US 3175611 A
Description (OCR text may contain errors)
United States Patent Office 3,175,611 Patented Mar. 30, 1965 3,175,611 METHOD OF CONSOLIDATING INCOMPETENT SANDS IN OIL BEARING FORMATION Wayne F. Hower, Duncan, Okla., assignor to Halliburton Company, Duncan, Okla., a corporation of Delaware No Drawing. Filed Dec. 18, 1962, Ser. No. 245,429 16 Claims. (Cl. 166-29 This is a continuation-in-part of my copending application Serial No. 29,174 filed May 16, 1960, now abandoned.
This invention relates to a method for consolidating formations, such as sand, and. more particularly to a method for consolidating formations penetrated by a well bore of an oil well or the like, while retaining permeability in the consolidated zone.
The existence of severe sanding conditions in an oil or gas producing interval of a well bore may cause many difiiculties and add considerably to the cost of operations. Quite often the flow of oil is stopped completely, while in other cases, floating sand damages parts of the production equipment. Rig time, replacement of parts, and loss in oil production are the costly results of these sand troubles.
There are many wells, particularly those in the coastal areas of the United States, that are producing hydrocarbon fluids from incompetent sand formations, where various methods have been used in an effort to control the production of sand. Insome of these wells, the use of resins has met with fair success. The main disadvantage in the use of resins is the long shut-in time (12 to 24 hours) required for them to set. Also, frequently, more than one stage of resin is necessary to control the sand.
Screens, liners, gravel packs, and other mechanical means of controlling the sand have all found favor in the oil producing industry. However, these methods do not leave the casing clear for all types of multiple completions and the cure does not last for the production life of the well in some cases. Accordingly, there has been a continuing demand for a more eflicient and cheaper method of solving this problem.
Examples of chemical processes which have been used to some extent are found in the U.S. patents to Wrightsrnan, No. 2,604,172 granted July 22, 1952; Wrightsman et al., No. 2,378,817 granted July 19, 1945; and Simms, No. 2,771,952 granted November 27, 1956.
A primary object of the present invention is to provide a process for consolidating loose sand in an oil or gas producing formation, while maintaining adequate permeability in the consolidated zone to permit flow into the well of the fluid to be produced.
In accordance with one feature of the present invention, it is proposed to consolidate loose sand in an oil producing formation to a considerable extent without destroying the permeability of the formation. The permeability may be reduced, somewhat, but if the sand is capable of producing oil or other hydrocarbons, the reduction in permeability must not be so great as to prevent flow into the well.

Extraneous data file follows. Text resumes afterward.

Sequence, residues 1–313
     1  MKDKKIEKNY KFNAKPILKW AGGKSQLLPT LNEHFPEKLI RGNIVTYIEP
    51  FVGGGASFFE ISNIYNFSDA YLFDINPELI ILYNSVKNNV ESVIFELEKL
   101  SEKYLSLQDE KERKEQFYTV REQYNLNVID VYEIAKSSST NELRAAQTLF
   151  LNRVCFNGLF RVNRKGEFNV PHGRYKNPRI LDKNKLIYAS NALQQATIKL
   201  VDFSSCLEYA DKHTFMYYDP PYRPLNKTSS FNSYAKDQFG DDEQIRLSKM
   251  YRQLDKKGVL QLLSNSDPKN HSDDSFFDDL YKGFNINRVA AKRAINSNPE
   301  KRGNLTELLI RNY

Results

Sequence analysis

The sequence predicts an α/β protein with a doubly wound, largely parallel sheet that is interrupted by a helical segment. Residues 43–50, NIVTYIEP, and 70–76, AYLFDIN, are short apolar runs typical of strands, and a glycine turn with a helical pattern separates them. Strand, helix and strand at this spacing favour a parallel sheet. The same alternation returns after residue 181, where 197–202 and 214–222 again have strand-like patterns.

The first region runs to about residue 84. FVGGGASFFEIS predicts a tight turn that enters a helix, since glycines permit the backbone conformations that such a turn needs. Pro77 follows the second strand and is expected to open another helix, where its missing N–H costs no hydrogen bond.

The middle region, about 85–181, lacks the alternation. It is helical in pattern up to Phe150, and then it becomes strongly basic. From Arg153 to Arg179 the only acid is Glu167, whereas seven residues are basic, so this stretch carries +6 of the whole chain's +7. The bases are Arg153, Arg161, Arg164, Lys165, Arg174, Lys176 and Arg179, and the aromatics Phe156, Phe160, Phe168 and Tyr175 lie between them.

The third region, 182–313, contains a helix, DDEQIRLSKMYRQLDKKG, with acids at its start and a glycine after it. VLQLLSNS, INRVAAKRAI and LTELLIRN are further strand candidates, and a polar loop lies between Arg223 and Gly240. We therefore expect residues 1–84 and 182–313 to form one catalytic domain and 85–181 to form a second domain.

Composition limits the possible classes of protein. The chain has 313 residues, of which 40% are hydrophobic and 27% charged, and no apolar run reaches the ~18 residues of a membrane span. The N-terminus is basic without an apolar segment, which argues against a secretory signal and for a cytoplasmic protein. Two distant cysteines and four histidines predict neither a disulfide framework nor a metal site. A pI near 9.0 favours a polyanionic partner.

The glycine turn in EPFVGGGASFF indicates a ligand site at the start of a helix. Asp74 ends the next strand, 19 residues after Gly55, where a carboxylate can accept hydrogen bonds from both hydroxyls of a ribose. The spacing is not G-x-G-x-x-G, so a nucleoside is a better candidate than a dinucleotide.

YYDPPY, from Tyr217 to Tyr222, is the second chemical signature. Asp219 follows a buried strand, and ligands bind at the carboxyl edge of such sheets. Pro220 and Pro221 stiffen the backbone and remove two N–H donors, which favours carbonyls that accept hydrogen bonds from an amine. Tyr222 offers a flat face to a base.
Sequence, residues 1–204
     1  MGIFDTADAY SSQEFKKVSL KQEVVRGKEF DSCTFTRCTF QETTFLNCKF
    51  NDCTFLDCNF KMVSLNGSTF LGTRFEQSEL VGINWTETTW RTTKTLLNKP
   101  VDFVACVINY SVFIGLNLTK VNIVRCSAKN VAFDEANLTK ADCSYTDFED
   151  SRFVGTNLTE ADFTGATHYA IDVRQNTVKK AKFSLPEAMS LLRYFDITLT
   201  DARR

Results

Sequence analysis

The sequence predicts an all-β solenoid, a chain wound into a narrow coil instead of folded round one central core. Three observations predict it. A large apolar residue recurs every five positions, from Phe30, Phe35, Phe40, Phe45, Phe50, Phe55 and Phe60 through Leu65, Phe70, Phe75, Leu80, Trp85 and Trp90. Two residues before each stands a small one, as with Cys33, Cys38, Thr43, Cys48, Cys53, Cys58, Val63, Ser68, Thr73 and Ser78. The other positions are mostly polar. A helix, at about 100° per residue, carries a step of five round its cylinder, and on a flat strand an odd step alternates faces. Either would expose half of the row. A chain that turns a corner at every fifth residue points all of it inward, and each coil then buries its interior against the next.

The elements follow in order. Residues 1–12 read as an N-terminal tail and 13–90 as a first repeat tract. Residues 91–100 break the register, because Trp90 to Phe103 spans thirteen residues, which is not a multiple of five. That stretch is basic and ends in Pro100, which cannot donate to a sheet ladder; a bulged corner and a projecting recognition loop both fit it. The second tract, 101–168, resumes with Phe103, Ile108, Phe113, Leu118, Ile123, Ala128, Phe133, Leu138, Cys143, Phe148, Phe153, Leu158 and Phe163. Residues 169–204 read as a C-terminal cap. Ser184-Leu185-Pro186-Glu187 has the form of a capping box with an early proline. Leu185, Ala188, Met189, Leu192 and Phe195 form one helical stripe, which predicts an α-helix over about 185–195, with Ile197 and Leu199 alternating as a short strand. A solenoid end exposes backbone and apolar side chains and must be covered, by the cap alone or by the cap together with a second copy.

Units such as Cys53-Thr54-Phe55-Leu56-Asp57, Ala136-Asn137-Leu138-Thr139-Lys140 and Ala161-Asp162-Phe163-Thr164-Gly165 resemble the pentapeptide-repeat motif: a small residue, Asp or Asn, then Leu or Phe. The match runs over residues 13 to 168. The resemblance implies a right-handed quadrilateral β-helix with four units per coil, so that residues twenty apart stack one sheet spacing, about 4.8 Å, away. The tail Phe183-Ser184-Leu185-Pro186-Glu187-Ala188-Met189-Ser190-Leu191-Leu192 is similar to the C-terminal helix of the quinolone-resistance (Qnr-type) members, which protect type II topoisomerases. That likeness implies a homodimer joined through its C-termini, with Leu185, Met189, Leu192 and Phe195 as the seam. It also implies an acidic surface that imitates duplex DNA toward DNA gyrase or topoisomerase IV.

Primarily, the present invention is directed to the use of a chemical, such as sodium silicate, which is caused to set in situ in the sand of the formation surrounding the well bore. It has long been proposed, as in the U.S. patent to Mills, No. 1,421,706, to consolidate and seal water-bearing sand in oil wells by the use of sodium silicate and some agent which causes it to set therein. However, insofar as known, all prior attempts at sand consolidation with sodium silicate, where successful at all, have rendered the sand impermeable and thus wholly unsuitable for the purpose of the present invention, which requires retention of permeability suflicient to permit production of oil or other hydrocarbons from or through the consolidated zone.
A further object of the present invention is, therefore, to provide a novel process for setting sodium silicate to consolidate loose sand in the production zone of an oil or gas well, producing a permeable, consolidated zoneobjects and advantages and novel features, as will become more apparent from a consideration of the following detailed description.
This invention comprehends within its scope the discovery that sodium silicate can be used to form a permeable, stable and strong consolidation of incompetent sands by injecting the sodium silicate into the sand-containing zone and causing the sodium silicate to set therein by a particular combination of chemical treatments, namely, initially setting the sodium silicate by injection of an aryl hydroxy compound followed by the injection of an inorganic salt to stabilize the set sodium silicate and increase the compressive strength thereof. This combination and sequence of steps has been found to be essential, apparently due in large part to the fact that sodium silicate solutions set with an aryl hydroxy compound alone are not stable in oil, and that sodium silicate solutions set with an inorganic salt alone are not stable in aqueous systems. However, when the sodium silicate is treated in accordance with the present invention, a set is created which is stable in both oil and in aqueous systems and which has an increased compressive strength.
Consideration should first be given to the type of wells wherein the process of the present invention is suitable.
If the formation of the well is of such a nature that sand is likely to be produced with the hydrocarbon over a considerable period of time, use of the present process should be entertained. It probably should not be used where sand is likely to be produced only temporarily when the well is initially brought in.
The present invention may find application in some water bearing formations, such as wells used for obtaining water for water flooding operation, or in water injection wells when water flooding. It should not be used in obtaining water for human consumption, because of the chemicals used.